For better or worse, these days the seller of goods has to ensure what he or she is selling is of a suitable quality.
Livestock is no exception, particularly in respect of disease. Anyone selling diseased livestock is at risk of being found to have been negligent and potentially liable for any losses the purchaser suffers as a result, including losses for livestock already on the land which becomes infected as a result of mingling with the diseased livestock.
An issue can arise when the seller of livestock is not aware of the presence of the disease. Is there any liability for the seller if it later turns out that the livestock is diseased?
The answer to this is not straightforward. To determine whether there was any negligence, it is necessary to look at all the circumstances surrounding the sale. This includes considering whether the seller didn’t know about the disease because the seller ‘turned a blind eye’, or if there was information that meant the seller should have made further inquiries about the presence of the disease. If there was no way that the seller could or should have known about the disease, then it is unlikely that there would be any liability.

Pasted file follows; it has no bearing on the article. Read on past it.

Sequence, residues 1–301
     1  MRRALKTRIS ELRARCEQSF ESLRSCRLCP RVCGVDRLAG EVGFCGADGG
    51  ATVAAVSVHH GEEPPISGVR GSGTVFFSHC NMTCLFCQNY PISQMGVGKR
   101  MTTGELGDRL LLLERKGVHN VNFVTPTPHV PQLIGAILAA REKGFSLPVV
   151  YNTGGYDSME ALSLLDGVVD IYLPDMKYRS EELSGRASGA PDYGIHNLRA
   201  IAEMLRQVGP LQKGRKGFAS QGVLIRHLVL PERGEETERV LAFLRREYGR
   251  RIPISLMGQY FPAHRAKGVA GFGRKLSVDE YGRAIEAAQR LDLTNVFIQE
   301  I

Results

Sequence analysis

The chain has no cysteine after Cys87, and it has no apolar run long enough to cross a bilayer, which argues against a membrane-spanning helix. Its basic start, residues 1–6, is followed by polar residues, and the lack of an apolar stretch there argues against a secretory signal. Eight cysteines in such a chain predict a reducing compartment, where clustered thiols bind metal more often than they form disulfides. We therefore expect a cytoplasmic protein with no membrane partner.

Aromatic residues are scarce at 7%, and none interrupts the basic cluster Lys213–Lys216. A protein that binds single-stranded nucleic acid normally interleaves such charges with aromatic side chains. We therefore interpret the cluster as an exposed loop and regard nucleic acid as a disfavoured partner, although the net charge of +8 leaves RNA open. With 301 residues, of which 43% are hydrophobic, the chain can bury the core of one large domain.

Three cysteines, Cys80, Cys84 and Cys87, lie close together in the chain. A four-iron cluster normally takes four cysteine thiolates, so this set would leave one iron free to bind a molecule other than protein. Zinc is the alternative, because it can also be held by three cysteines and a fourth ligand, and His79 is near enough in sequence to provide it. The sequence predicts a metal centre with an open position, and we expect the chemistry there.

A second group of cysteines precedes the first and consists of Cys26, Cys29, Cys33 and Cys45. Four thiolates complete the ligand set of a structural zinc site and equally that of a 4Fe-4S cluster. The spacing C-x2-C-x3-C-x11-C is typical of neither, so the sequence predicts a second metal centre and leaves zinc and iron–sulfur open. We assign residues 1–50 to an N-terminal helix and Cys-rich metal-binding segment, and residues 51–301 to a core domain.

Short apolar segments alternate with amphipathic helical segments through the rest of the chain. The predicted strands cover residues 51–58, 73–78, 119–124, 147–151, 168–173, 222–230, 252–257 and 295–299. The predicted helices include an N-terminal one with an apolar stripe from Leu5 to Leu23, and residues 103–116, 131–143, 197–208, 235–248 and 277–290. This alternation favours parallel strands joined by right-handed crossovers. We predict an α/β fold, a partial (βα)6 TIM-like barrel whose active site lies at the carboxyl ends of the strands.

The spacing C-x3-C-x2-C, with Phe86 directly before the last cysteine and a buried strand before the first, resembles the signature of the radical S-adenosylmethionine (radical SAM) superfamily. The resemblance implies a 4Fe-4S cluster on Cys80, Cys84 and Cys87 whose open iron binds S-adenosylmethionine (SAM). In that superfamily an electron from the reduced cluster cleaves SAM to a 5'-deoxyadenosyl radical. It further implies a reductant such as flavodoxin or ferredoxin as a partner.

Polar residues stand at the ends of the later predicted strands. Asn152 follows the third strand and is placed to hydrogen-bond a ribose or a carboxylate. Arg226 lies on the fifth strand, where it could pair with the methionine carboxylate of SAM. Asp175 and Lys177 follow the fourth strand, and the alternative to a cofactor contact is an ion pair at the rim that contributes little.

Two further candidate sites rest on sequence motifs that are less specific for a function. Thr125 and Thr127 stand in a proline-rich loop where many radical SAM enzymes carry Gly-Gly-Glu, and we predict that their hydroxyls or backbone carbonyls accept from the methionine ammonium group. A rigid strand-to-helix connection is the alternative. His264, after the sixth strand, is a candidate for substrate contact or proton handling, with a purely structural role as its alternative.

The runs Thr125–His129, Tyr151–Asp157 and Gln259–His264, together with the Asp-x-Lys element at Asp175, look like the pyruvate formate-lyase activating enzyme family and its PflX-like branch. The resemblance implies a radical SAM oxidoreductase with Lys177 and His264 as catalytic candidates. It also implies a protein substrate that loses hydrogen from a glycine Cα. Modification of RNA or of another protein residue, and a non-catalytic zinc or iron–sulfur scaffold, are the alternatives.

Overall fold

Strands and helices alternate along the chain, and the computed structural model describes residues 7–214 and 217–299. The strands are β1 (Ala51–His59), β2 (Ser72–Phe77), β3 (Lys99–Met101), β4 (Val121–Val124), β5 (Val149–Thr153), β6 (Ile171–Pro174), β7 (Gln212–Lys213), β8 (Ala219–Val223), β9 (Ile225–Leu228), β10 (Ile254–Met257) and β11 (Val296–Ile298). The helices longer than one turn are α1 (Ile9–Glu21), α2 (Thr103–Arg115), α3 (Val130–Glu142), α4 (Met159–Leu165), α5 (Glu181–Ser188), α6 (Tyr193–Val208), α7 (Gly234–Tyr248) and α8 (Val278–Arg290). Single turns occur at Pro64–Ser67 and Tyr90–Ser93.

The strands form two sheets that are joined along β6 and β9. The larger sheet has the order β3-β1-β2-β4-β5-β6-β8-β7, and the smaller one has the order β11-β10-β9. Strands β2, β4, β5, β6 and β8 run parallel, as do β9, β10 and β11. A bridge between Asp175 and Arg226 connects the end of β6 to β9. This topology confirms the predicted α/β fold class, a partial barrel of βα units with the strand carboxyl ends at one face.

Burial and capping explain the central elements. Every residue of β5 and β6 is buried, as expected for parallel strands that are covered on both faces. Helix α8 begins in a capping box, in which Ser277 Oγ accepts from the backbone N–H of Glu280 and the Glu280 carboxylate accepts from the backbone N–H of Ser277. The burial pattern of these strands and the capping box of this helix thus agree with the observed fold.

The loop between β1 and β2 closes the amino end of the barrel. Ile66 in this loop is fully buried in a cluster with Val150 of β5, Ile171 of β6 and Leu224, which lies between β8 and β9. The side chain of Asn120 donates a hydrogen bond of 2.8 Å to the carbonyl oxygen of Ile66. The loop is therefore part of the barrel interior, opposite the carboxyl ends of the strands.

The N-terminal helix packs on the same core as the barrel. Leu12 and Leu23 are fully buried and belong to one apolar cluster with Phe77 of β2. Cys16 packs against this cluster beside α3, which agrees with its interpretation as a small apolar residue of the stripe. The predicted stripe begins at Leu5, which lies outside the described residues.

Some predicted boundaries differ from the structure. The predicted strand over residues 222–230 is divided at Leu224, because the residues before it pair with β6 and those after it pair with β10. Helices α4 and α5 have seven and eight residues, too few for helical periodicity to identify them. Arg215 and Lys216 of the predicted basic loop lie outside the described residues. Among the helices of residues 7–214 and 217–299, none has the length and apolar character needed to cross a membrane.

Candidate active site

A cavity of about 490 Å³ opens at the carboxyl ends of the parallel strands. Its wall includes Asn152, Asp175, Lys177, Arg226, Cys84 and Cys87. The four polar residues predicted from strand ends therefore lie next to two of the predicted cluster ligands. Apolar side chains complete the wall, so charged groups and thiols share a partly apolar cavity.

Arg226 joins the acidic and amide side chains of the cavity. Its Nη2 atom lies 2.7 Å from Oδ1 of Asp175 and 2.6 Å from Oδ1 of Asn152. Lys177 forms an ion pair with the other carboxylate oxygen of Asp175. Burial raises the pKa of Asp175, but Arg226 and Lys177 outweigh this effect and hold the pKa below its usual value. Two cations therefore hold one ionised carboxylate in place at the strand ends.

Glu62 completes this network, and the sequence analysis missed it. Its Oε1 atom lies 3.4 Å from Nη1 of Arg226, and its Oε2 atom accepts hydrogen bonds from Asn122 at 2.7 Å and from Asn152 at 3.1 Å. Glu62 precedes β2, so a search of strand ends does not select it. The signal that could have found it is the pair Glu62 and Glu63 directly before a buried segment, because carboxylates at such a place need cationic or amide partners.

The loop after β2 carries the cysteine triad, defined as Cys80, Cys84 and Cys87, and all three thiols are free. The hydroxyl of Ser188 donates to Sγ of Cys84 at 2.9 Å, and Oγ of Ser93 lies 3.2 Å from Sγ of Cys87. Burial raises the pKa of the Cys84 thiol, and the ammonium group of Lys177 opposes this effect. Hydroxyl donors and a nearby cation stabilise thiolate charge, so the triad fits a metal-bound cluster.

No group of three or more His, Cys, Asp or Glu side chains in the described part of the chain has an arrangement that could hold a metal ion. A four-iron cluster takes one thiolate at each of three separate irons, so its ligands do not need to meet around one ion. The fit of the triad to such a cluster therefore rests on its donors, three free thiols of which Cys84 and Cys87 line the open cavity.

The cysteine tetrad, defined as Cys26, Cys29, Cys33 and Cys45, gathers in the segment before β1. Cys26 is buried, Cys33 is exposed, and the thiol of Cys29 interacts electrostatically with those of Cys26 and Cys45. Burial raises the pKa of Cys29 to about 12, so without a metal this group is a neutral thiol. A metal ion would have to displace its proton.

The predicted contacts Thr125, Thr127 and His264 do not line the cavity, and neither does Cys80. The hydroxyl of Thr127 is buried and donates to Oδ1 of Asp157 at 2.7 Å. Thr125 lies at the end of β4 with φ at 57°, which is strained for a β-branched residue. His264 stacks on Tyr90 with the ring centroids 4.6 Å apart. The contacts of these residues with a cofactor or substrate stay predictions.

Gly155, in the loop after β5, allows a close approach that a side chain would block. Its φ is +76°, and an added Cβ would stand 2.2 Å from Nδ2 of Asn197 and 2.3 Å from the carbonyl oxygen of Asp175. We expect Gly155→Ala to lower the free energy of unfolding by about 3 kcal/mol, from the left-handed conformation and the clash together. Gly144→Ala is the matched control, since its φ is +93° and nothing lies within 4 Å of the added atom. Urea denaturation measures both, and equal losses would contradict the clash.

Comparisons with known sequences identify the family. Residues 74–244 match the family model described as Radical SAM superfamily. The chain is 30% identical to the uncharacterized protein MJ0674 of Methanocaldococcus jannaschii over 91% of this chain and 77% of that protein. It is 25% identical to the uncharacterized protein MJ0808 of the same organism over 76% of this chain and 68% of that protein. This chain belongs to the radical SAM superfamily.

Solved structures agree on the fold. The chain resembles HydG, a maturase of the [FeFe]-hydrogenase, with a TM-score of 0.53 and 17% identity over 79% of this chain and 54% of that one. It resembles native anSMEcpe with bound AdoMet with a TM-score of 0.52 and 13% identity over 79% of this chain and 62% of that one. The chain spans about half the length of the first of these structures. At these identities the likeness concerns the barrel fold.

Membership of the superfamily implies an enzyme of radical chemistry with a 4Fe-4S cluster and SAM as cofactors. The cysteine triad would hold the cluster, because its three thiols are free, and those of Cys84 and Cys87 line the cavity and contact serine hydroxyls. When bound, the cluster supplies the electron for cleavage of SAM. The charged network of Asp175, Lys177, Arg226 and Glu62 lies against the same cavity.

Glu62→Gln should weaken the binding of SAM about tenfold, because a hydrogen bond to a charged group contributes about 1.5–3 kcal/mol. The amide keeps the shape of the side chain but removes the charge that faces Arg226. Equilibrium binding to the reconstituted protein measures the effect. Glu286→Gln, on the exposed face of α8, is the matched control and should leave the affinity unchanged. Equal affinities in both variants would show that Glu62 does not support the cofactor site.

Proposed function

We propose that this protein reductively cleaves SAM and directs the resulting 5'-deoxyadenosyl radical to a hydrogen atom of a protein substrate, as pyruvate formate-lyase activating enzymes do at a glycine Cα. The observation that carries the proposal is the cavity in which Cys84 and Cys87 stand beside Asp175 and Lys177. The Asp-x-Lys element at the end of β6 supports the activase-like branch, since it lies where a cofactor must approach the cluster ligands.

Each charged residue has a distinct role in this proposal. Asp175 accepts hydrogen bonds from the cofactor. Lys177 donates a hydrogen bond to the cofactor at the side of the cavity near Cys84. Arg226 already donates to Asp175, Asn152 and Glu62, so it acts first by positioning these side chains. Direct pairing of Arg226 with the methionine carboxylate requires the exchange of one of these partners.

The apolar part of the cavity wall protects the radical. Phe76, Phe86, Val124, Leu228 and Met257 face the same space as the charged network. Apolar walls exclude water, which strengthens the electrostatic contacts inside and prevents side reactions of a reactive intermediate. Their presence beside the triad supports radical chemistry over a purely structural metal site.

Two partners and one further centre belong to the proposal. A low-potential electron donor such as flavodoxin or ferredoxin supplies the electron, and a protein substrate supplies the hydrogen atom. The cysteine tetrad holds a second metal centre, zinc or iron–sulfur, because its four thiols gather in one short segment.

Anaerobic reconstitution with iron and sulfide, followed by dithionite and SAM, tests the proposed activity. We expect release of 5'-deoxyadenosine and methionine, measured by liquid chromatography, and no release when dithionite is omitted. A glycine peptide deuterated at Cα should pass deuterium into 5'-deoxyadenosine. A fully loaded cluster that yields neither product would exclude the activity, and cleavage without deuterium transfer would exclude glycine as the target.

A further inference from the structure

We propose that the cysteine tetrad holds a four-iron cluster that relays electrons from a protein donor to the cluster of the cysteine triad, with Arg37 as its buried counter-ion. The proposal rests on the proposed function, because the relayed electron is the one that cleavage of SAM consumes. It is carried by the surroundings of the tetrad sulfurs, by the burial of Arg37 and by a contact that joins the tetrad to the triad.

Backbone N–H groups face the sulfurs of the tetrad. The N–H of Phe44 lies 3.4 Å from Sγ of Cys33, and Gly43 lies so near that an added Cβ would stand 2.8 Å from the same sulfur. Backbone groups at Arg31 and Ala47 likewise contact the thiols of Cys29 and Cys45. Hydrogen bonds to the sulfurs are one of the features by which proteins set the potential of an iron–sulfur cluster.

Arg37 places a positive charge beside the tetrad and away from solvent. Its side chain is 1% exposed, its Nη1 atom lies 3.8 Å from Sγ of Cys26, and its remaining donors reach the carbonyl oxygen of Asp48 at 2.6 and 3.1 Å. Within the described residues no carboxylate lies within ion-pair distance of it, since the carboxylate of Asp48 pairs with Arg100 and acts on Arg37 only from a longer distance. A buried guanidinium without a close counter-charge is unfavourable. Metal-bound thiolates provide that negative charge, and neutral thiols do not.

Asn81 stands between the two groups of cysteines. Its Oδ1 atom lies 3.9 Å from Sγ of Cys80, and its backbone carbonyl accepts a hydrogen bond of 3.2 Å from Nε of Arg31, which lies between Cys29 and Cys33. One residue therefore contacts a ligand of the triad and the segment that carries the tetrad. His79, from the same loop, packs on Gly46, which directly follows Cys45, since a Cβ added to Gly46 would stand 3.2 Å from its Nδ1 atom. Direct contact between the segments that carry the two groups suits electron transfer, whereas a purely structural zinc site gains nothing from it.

Sellers also need to be aware of the Livestock Act 1997 (SA), which makes it a criminal offence to fail to report the existence or suspected existence of ‘notifiable’ diseases in livestock or to commit an act with the intention of, or being recklessly indifferent to, livestock becoming affected with a notifiable disease. The wording in the Act is sufficiently broad so as to include people who were not, but should have been, aware of the presence of disease.
The old adage of ‘Buyer Beware’ still rings true to some extent, but there is also an onus on the seller to ensure that they are open and transparent about the quality of their products.
By Anthony Kelly, Partner
This article originally appeared in The Stock Journal on Thursday 14 April 2016.
Practice Area: Farm Law